McALLEN — A greater push to reach out to students who dropped out of college in the last two years across the Rio Grande Valley is in development and will soon be implemented with the help of a grant by the Lumina and Kresge foundations, designating the region as their newest Talent Hub.
“We have added to the growing roster of top-flight cities committed to meeting the demands for an educated workforce,” said Jamie Merisotis, president and CEO of the Lumina Foundation. “The Talent Hub designation serves both as an aspirational target for other cities and a foundation from which cities designated as Talent Hubs can build.”
The foundations awarded $275,000 to the local education non-profit RGV Focus and its higher education partners — The University of Texas Rio Grande Valley, South Texas College and Texas Southmost College — to develop a plan to reach out to students ages 18 to 24 who have dropped out of college and back on a path toward a degree.
“Life gets in the way for a lot of our students,” said Luzelma Canales, executive director of RGV Focus. “Part of it is helping students connect to a lot of funding that could be available… we are hoping that we can put in place some strong advising models for these students, as we begin to learn why students stepped out and didn’t come back.”
The partnering colleges have been gathering data over the last year, Canales said, to analyze it during this summer and begin putting in place a model that caters to the specific needs of the Valley population. As of now, the hope is that a lot of these students might also have college credit accumulated since high school through dual-enrollment courses so that they can be further down the road to getting an associate degree or even higher.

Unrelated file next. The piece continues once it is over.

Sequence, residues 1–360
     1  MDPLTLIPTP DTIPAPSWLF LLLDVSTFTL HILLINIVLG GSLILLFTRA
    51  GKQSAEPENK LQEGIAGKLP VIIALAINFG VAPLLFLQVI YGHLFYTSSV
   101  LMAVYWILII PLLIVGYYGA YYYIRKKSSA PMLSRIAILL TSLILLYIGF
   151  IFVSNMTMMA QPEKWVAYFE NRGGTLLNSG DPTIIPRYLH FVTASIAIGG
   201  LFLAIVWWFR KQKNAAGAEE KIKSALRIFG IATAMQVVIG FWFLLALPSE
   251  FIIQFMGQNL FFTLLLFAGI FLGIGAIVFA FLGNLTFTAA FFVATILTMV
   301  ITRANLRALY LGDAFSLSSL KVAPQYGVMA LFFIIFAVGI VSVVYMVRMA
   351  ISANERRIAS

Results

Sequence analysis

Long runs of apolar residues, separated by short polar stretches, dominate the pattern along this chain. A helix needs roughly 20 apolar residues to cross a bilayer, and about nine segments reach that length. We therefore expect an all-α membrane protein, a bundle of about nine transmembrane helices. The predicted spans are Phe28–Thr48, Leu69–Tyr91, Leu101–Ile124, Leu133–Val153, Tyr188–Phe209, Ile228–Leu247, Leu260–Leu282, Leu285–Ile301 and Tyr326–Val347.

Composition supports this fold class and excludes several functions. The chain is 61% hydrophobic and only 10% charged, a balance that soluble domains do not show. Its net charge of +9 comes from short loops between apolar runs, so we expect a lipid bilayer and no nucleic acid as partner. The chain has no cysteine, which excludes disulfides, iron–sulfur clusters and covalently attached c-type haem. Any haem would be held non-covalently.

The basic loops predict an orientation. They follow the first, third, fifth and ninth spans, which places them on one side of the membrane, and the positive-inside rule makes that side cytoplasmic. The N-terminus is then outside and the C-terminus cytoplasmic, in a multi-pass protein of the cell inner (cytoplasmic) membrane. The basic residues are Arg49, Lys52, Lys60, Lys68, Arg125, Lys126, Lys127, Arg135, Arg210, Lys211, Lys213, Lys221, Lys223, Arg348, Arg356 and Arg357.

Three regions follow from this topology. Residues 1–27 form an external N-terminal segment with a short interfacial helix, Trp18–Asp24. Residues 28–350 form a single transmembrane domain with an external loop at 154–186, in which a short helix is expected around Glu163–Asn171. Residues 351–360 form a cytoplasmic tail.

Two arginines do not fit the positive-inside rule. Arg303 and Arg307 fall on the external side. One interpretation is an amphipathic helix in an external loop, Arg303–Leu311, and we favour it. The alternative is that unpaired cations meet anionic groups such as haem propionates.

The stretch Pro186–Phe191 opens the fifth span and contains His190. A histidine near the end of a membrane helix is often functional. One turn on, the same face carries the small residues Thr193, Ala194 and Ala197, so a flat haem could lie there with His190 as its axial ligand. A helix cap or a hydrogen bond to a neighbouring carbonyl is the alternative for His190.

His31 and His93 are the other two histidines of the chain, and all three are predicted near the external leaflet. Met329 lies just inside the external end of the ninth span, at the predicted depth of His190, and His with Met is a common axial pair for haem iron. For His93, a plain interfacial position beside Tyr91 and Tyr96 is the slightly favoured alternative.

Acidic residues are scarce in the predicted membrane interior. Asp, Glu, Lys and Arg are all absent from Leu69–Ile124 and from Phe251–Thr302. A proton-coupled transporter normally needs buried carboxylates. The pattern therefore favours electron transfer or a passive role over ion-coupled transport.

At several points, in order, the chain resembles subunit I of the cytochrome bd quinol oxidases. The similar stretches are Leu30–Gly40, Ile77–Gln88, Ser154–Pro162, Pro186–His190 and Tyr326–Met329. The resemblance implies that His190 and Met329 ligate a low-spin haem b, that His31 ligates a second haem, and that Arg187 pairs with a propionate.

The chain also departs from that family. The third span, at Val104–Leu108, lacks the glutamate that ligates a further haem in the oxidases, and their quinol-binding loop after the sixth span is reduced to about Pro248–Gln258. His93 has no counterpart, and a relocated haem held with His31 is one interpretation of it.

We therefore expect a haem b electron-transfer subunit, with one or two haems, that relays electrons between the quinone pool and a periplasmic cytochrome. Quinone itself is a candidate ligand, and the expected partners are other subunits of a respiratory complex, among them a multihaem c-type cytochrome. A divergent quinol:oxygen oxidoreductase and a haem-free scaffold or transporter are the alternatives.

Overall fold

The foundations will award the grant over the next 31 months, and by the time of implementation, Canales said they will also know if the budget allows room to provide micro-grants for students who decide to go back to college through the program.
A big part of the recognition is the Talent Hub designation, which Canales explained as acknowledgment of the entire Valley’s push to create partnerships aimed at creating a stronger K-12 and higher education pipeline in a region where the students are mostly of color, from low-income backgrounds and first in their families to go to college.
It is this same demographic of 18- to 24-year-olds, that the non-profit was happy to announce as the group that has closed the education attainment gap in high school graduations, some college attainment and associate’s degrees, when compared to the state attainment percentages.
In high school graduations or its equivalent, these students have a 30 percent attainment in the Valley compared to 31 percent in Texas. Some college attainment the Valley has matched the state at 34 percent, as well as in associate’s degree completion at 10 percent for both the Valley and the state of Texas — this according to data presented by RGV Focus.
There are 17 Talent Hubs throughout the country in cities such as Austin, Boston, Cincinnati and Fresno, California. These cities are used as examples to follow when cities that begin to reflect this same demographics want to learn what works best, Canales said.
In the case of the Valley, she said what catches people’s attention is the model of collective impact and how local higher education institutions are very involved in creating this impact.
“The collaboration that exists in the Valley is getting a lot of attention, and I think that part of it is that we are serving the students that a lot of communities are beginning to look like,” Canales said. “So there’s a lot of learning that folks can do with us.”